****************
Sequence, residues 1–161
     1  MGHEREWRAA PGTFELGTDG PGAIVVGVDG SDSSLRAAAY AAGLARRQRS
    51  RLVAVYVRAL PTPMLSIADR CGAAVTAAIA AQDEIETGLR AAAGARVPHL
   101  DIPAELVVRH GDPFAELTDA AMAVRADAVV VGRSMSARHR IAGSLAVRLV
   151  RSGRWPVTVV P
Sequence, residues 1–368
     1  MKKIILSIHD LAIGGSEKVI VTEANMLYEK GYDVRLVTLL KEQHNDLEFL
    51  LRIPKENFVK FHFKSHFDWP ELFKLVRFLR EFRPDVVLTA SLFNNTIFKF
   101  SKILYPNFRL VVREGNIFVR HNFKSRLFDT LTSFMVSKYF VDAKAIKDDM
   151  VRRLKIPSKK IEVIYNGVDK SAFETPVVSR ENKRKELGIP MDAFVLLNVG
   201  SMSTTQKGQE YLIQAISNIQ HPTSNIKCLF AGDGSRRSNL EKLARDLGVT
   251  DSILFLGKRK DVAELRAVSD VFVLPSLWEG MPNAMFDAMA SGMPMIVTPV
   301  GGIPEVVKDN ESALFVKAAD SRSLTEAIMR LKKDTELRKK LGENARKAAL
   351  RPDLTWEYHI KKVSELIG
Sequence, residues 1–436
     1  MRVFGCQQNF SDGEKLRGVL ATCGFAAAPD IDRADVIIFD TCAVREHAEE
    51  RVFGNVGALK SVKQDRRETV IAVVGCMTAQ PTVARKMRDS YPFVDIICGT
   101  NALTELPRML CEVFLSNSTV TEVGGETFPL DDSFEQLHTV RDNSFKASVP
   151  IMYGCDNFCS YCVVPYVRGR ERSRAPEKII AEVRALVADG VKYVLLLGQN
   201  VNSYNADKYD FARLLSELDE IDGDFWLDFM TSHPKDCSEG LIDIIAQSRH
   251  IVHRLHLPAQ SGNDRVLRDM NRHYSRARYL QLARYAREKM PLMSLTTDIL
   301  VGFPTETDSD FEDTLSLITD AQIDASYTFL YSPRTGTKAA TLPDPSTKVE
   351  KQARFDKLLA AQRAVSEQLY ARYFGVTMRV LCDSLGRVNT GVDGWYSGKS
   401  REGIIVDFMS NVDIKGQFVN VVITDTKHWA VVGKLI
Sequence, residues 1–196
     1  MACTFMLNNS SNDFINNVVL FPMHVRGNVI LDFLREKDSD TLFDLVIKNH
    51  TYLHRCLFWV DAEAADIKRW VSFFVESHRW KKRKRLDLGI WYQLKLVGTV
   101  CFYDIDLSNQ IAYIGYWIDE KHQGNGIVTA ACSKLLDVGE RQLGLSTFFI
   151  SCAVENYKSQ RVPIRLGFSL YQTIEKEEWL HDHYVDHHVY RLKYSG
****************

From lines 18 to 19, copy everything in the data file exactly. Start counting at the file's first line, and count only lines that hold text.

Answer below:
   101  NALTELPRML CEVFLSNSTV TEVGGETFPL DDSFEQLHTV RDNSFKASVP
   151  IMYGCDNFCS YCVVPYVRGR ERSRAPEKII AEVRALVADG VKYVLLLGQN